ABV: 6.2 IBU: 25 SRM: 10

October in British Columbia is BC Craft Month, and what better way to celebrate year 7, but with a limited release beer created by the BC Brewing industry! Bombers Brewing Head brewer Blair Calibaba created the original recipe. He used his well-recognized Marzen recipe as a base and called out to the brewery community for suggestions then tweaked it accordingly. A few brewers in the neighbourhood came to help out on brew day and the beer was packaged in 500ml tall cans by West Coast Canning and launched on October 14th. It is a true collaboration of the BC Craft Brewers Guild members, BC Craft Beer Month and many of the local industries suppliers. Prost! 


There is something about German beer styles that reminds one of the wonder and elegance of malts. This lager shows off rich, bready malt aromas and flavours with a grainy sweetness, a hint of caramel and a light, comforting toastiness. The malt character gives off an initial perception of sweetness, but the lager is well attenuated with a clean, crisp fermentation character that finishes medium dry. The hop profile is low with just a hint of spice. Golden in colour with a slight haze, the beer sports a foamy, off-white head with good retention. Its medium body and mouthfeel contribute to a smoothness that enhances the drinkability of this malt focused lager.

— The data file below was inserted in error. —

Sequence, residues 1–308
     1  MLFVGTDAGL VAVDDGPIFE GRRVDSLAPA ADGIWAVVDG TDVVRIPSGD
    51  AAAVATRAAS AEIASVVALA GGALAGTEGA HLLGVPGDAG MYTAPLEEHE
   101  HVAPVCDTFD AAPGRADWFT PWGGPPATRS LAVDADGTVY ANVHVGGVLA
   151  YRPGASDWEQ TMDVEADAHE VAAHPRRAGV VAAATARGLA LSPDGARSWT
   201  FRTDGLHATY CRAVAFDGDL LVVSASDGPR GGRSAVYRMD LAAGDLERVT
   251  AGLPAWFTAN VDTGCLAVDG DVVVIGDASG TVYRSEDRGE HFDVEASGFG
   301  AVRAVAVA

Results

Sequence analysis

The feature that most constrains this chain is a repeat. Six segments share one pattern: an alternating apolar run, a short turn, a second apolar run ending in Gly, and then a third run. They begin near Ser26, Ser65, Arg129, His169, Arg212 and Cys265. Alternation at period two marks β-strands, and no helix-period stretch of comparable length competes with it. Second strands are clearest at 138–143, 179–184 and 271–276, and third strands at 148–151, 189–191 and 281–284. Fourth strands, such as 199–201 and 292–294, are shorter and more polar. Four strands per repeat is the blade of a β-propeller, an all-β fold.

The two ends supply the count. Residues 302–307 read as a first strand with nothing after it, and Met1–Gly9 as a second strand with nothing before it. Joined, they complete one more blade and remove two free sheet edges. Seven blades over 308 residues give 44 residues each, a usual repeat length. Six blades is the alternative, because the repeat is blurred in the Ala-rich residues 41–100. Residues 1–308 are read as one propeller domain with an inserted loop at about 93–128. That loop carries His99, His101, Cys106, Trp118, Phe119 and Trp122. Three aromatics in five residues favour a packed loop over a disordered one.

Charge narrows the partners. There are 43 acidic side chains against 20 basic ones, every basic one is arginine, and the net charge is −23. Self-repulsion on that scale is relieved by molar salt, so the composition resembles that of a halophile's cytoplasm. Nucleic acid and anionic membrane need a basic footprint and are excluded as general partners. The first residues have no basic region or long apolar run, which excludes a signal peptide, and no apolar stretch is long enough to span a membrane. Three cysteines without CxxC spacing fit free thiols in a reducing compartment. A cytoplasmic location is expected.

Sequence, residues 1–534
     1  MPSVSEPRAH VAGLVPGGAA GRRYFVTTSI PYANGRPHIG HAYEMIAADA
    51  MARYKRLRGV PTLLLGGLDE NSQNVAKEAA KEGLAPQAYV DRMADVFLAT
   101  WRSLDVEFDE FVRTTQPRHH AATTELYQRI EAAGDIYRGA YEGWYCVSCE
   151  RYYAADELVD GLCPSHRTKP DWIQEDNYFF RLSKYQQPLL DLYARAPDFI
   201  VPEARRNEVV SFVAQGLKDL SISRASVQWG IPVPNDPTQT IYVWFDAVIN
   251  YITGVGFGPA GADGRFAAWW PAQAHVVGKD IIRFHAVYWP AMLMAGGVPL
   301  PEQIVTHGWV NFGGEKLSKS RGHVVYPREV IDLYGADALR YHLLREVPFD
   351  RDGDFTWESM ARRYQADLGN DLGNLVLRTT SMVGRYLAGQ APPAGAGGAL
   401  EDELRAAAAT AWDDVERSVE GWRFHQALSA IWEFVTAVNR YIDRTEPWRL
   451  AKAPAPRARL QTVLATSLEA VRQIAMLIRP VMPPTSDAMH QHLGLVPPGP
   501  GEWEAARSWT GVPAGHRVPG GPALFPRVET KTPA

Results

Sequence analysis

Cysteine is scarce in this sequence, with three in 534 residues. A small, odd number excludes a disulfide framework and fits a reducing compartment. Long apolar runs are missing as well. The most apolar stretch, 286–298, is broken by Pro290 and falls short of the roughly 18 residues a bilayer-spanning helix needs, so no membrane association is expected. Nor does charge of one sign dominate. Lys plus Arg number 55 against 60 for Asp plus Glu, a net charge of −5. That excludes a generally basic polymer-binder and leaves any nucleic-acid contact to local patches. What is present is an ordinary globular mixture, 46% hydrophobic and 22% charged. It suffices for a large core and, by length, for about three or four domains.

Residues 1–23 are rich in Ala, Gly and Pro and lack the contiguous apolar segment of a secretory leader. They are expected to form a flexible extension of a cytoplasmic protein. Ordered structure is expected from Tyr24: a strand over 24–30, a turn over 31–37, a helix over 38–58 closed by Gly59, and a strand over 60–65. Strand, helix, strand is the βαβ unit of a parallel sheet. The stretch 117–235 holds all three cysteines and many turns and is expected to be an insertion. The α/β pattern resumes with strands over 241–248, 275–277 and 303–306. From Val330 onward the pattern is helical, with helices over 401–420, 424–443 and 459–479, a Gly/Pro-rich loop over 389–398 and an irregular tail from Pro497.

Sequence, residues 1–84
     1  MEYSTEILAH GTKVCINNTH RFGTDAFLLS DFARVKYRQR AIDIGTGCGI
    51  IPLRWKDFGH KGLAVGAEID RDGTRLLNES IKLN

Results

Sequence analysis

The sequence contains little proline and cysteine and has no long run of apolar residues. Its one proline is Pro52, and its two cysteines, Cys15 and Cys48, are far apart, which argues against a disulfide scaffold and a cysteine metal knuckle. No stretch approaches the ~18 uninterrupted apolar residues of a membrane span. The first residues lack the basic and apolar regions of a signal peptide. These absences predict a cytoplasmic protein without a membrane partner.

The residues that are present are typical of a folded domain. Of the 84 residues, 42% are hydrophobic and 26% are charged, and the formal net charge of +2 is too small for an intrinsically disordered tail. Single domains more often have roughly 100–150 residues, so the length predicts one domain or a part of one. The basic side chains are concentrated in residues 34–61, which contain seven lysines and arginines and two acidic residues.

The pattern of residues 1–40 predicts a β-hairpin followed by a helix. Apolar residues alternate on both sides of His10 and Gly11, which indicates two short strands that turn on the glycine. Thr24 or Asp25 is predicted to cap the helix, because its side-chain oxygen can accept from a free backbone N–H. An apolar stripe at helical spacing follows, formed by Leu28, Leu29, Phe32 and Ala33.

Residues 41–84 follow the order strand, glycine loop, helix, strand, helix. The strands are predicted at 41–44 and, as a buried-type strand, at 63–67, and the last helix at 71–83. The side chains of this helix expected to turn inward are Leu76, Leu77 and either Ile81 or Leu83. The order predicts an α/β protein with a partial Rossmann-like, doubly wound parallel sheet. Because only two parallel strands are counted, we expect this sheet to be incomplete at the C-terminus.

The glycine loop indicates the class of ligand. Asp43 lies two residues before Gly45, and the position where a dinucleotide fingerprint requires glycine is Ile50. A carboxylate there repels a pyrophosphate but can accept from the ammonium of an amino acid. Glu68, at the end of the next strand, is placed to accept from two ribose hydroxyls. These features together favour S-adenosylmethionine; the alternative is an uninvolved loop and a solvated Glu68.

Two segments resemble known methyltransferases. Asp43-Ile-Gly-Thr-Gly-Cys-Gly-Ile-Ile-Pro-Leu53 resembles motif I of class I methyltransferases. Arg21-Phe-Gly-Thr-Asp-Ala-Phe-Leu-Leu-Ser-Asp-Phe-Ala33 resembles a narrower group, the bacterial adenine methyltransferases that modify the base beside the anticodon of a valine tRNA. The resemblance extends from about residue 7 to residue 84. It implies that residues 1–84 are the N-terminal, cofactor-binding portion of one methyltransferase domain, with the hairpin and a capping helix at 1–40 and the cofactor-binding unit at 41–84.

Evidently brewed at Bomber Brewing, this is said to be a collaborative effort of the British Columbia Craft Brewers Guild, which seems to me like a lot of people for one mash tun and brew kettle. That said, it does possess qualities of an Oktoberfest märzen: amber of hue, malty in its aroma and crisp but not too crisp, strong but not too strong. More specifically, the nose offers loads of caramelly maltiness with just a touch of moderating, spicy-woody hop, while the body starts sweet and caramelly – a bit too much so for my preference, and arguably also for the style – before adding a lightly spicy hop note and suggestion of vanilla in the mid-palate and drying to off-dry with hints of dried leaf and mild bitterness in the back and finish. This is a fine enough beer for a glass or two, but true Oktoberfests are meant to be consumed by the litre and I fear this might grow too cloying for that.